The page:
Imagining news media organizations of the future

Time for some short-takes, thoughtful ideas from across the blogosphere:

Media companies of the future: Chris Brogan, a new media marketing consultant, came up with his idea of what the next media company would look like, starting from scratch. I like his ideas, especially:

  • Everything is modular and linkable. Everything is fluid. Meaning, if I want the publication to be a business periodical, then I don’t want to have to read a piece about sports. (Similar to my hyperinterest idea.)
  • Curators and editors rule, and creators aren’t necessarily on staff.
  • Paper isn’t dead: it’s on demand.
  • Collaboration rules. Why should I pick the next cover? Why should my picture of the car crash be the best?

Be sure to read his whole list as well as Globe and Mail communities editor Mathew Ingram’s take on Brogan’s ideas. (And kudos to Ingram for tipping me off to Brogan’s lsit.)

How to save newspapers: MediaShift Executive Editor Mark Glaser offers 10 steps to saving newspapers on the Knight Foundation-funded blog. It’s a list worth reading. His best points, in my opinion:

  • Create a bottom-up organization where innovation is encouraged and rewarded at the edges. Use good ideas from anyone.
  • Replace circulation, printing, print production staff with tech, SEO, community managers.
  • Find out what the community wants in real face-to-face meetings, not focus groups. Then do what they want.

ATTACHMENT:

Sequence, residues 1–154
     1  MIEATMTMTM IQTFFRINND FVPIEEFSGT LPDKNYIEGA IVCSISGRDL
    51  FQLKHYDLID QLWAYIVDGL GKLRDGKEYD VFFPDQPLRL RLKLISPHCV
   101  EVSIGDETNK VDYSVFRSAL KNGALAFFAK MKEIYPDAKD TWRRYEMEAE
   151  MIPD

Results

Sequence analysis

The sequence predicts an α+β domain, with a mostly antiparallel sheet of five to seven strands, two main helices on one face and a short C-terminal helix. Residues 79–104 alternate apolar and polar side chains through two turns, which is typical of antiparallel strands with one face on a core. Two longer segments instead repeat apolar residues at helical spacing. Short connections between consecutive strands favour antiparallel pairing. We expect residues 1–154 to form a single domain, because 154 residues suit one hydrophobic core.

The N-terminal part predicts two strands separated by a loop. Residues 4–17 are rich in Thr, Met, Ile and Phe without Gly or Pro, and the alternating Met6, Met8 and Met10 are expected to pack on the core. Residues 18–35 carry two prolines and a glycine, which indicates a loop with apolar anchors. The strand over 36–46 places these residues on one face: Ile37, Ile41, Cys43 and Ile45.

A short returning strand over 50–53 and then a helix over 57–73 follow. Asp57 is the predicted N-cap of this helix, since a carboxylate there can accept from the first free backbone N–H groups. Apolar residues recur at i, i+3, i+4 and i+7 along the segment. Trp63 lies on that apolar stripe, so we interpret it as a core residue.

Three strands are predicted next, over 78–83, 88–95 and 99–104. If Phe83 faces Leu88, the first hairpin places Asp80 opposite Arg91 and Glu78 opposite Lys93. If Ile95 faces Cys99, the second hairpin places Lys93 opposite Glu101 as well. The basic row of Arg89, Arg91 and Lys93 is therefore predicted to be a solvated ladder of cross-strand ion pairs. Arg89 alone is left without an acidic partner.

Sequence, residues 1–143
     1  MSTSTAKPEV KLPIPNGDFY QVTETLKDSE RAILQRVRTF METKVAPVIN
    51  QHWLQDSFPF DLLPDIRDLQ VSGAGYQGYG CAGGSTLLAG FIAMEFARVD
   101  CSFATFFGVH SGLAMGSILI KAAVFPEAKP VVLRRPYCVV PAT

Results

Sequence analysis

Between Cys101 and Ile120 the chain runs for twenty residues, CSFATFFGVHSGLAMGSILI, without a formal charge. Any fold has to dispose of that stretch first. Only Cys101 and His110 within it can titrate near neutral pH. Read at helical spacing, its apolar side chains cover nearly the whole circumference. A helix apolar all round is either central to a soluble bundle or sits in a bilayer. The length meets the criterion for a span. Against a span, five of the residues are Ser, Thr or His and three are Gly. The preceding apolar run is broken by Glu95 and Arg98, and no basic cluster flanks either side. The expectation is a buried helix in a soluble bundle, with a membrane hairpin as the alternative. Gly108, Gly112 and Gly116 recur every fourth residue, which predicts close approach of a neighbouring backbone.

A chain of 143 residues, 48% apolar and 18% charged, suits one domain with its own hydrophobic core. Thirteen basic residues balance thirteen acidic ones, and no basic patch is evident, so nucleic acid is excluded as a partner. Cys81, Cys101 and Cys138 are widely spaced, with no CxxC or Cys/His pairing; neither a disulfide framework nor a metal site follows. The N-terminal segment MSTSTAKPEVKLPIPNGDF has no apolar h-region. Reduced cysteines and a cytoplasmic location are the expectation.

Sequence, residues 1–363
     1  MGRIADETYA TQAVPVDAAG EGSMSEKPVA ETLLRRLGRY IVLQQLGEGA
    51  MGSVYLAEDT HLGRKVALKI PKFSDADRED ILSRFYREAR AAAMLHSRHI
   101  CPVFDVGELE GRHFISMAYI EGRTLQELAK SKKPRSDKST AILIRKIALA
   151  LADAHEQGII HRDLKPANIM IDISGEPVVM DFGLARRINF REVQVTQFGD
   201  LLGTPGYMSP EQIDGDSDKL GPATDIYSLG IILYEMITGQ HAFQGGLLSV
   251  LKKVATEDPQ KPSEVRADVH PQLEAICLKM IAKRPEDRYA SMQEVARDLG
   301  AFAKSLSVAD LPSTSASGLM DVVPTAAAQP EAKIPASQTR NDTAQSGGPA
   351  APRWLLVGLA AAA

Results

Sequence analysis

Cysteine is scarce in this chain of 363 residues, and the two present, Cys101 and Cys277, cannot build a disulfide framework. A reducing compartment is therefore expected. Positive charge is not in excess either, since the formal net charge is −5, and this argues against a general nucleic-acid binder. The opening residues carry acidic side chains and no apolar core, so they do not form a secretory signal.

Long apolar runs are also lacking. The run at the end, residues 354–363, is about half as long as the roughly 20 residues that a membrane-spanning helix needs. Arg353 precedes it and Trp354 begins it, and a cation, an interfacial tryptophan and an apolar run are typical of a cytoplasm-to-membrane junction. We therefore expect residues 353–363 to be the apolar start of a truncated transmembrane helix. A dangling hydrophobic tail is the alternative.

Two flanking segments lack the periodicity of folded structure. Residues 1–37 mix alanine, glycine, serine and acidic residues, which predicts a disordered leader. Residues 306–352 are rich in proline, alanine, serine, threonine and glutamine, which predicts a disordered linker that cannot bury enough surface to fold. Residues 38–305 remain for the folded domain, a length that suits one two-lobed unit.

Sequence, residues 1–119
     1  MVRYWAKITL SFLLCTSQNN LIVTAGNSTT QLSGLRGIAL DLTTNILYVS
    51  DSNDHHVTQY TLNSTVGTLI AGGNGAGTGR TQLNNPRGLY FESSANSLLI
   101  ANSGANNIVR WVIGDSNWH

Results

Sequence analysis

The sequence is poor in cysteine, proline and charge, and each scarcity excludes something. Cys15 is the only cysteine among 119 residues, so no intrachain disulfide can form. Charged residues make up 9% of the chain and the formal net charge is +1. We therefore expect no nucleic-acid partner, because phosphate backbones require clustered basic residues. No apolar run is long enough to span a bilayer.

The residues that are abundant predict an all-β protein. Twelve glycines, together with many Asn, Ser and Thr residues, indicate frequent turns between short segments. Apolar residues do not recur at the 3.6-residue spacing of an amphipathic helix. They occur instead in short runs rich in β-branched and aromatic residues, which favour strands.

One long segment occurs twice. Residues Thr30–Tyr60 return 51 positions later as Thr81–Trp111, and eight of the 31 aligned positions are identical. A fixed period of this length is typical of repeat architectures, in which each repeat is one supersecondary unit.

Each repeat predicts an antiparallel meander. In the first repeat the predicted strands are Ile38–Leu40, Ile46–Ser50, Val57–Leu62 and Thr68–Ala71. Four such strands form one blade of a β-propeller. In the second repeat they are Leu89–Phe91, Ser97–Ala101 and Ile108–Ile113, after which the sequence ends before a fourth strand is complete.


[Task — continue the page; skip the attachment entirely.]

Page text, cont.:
• Produce mapping and database projects. Employ or train hacker-journalists

Social media rules: More on the continuing saga of news organizations coming up with rules that suck all the social out of social media. (If you’re late to this topic, get up to speed on The New York Times’ and The Wall Street Journal’s ill-advised social media policies.) The latest culprit is Bloomberg News’ policy, which forbids staffers from communicating on social media about any topic covered by Bloomberg News, according to Gawker. Patrick Thornton at Beat Blogging offers some commentary and links to a better approach for journalists using social media.

Social media is just conversation: Social media won’t save journalism; it’s just a tool to help journalists connect with readers. But it’s also not such a mystery. It’s really just a virtual version of what normal human beings have been doing for centuries — talking to each other, getting to know one another, sharing ideas.  Dave Fleet, a marketing, communications professional, explains this well in his post, “There’s Nothing Magical About Social Media Principles.” He’s not writing for journalists, but I think his message has much for journalists who are over-thinking social media, fearing it or seeing it as complicated or cumbersome. His best takeaways: target your audience, tailor your approach and remember, you rise and fall on relationships.

Gina

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